Though I miss home, I don’t yearn to go back

One of the girls taking refuge at Cana Girls Rescue Home in Nginyang’, Baringo County. Most girls here are victims of forced marriages, early marriages, defilement and forced labour.

Photo credit: Jared Nyataya | Nation Media Group

What you need to know:

  • Although the government has declared FGM illegal in 2011, the outlawed practice is still dominant among the Pokot.
  • Chemket, 17, fled her home in Tiaty West, to escape FGM and forced marriage, four years ago.
  • The practice, mandatory for every girl from the Pokot community, is considered a girl’s transition to womanhood.
  • Chemket and 10 other girls who fled FGM, are being hosted at Chemolingot Primary School.

As the world commemorated International Day of the Girl Child on Tuesday, thousands of their counterparts in Tiaty, Baringo County had nothing to celebrate. Retrogressive cultural practices including female genital mutilation (FGM) and high illiteracy levels, and other challenges, stared straight into their faces.

Although the government has declared FGM illegal in 2011, the outlawed practice is still dominant among the Pokot, Ilchamus and part of the Endorois communities in Baringo County.

We meet Chemket (not her real name) with her peers, sitting on stones under some barren shrubs, to shield them from the afternoon’s sweltering heat.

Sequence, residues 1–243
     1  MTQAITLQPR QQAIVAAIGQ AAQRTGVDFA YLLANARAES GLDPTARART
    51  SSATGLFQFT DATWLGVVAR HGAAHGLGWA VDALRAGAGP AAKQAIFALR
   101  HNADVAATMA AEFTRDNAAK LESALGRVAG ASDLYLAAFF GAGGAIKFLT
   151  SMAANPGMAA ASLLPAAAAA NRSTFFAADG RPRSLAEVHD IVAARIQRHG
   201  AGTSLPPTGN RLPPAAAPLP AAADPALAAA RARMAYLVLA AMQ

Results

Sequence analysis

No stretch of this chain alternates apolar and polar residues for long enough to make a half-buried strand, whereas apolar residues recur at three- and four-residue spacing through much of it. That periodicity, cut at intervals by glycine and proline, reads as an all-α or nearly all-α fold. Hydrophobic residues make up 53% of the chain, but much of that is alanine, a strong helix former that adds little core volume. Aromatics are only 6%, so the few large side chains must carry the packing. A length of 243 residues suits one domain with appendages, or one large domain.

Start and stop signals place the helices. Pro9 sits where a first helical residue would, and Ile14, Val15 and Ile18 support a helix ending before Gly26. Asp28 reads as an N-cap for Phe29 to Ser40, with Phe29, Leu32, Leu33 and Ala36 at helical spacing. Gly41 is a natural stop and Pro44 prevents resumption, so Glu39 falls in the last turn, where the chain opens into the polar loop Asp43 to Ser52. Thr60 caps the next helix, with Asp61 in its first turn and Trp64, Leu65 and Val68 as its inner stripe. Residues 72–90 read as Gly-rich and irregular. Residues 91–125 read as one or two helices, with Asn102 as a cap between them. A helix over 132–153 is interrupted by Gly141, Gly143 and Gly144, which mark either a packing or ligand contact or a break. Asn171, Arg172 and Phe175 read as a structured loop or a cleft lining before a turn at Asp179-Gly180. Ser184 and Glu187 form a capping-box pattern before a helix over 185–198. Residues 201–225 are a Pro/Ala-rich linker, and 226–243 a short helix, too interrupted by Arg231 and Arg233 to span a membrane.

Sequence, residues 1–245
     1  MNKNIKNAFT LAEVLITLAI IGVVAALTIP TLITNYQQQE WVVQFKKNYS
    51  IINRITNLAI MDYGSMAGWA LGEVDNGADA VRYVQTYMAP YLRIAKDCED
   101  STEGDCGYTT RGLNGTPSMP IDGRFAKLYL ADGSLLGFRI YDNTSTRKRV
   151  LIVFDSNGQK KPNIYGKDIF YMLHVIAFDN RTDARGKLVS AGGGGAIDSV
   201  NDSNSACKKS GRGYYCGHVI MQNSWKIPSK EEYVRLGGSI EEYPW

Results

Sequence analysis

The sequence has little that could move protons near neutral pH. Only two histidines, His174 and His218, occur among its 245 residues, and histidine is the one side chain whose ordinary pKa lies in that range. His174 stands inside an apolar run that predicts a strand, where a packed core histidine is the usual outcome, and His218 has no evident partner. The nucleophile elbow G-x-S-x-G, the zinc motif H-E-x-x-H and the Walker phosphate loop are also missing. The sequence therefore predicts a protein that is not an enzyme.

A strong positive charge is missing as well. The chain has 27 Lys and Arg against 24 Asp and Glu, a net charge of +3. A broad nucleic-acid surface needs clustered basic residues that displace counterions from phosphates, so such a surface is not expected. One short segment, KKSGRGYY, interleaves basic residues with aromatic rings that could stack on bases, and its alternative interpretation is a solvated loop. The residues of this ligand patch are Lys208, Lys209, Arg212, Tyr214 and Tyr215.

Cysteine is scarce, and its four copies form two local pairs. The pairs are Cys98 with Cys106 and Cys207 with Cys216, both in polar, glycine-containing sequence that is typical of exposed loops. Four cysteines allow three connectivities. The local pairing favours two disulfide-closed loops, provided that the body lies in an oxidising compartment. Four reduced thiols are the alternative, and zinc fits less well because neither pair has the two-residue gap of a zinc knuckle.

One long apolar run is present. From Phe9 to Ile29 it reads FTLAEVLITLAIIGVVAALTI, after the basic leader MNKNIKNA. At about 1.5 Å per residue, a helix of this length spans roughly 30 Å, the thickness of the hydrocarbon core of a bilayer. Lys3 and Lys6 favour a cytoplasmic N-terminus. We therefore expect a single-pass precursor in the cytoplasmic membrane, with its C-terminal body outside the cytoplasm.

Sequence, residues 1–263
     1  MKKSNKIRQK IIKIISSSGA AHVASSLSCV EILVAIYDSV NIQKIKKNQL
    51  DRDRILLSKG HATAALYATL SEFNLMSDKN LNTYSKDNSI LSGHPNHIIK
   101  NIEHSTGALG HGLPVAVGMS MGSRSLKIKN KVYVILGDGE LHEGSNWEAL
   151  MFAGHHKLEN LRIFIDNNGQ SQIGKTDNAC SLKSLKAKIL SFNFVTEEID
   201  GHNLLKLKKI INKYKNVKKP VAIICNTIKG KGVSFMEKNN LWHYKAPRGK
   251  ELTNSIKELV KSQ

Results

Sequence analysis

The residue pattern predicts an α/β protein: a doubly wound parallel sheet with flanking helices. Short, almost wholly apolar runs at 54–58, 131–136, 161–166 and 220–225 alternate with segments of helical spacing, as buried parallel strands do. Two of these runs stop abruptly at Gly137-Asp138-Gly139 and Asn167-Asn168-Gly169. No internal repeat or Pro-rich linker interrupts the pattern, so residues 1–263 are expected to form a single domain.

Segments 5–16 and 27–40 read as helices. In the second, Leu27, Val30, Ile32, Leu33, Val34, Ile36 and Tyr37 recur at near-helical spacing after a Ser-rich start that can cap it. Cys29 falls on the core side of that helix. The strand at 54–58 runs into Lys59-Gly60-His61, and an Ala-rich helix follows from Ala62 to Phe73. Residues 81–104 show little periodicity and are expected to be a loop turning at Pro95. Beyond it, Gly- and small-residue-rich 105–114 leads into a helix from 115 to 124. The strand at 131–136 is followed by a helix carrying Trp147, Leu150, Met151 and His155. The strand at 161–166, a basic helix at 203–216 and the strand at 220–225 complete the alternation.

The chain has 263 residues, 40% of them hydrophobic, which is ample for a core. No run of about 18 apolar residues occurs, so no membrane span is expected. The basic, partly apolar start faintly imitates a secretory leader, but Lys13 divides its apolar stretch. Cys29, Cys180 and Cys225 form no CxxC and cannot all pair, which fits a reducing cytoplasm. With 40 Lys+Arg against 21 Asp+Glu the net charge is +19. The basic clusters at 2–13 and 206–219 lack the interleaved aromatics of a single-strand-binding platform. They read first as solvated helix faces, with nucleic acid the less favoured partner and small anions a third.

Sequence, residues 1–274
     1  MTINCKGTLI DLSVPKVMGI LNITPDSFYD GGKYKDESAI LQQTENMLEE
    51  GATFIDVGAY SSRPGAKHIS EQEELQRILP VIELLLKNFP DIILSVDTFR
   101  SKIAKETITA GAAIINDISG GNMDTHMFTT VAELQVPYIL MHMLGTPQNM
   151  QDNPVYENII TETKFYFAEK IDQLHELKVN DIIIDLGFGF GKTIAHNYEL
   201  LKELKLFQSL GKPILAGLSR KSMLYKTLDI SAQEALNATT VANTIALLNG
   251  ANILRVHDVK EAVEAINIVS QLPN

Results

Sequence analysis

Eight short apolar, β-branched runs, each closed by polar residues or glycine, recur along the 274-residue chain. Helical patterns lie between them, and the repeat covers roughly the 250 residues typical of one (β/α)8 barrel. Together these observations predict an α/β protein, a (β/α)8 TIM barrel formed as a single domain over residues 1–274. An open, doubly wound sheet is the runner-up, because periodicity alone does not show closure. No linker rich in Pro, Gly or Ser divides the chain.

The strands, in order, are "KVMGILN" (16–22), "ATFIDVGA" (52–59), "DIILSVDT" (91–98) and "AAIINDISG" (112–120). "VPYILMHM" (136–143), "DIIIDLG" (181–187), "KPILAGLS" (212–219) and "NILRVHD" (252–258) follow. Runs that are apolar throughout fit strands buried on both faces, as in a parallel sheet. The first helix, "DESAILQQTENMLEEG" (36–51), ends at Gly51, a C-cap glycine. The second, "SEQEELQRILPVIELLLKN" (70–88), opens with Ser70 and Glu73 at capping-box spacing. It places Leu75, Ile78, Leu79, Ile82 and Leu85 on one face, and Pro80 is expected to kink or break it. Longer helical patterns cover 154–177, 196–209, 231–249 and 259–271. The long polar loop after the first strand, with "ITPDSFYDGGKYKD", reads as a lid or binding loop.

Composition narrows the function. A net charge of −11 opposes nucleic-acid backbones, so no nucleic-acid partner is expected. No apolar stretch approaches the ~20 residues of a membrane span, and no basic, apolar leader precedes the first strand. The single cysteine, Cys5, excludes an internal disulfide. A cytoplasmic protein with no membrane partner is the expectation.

Despite the myriad of challenges they have faced, there is something striking about the 12 girls – nothing bothers them anymore. They feel safe in their new home - Chemolingot Primary School in Tiaty West, where they fled to escape from FGM and forced marriages.

Mealtime for girls hosted at Chemolingot Primary School. The girls have one meal a day - in the afternoon.

Photo credit: Jared Nyataya | Nation Media Group

When Nation.Africa tours the institution where the minors have taken refuge, we come face to face with the tribulations girls in the Pokot community face.

For Chemket, she fled her home, a remote far flung village in Tiaty West, more than 100kms away, four years ago.

According to the 17-year-old, her troubles started in 2015 when she was barely 11 years old. Coming from a community where female cut is a prerequisite rite of passage for every girl, she was to join dozens of her peers who had been rounded up in one homestead awaiting seclusion, an exercise that would take more than two months before they graduate into ‘womanhood’.

The practice is mandatory for every girl from the Pokot community. It is considered a girl’s transition to womanhood, and culminates in the exchange of hundreds of livestock, as part of dowry, after being forced into arranged marriages.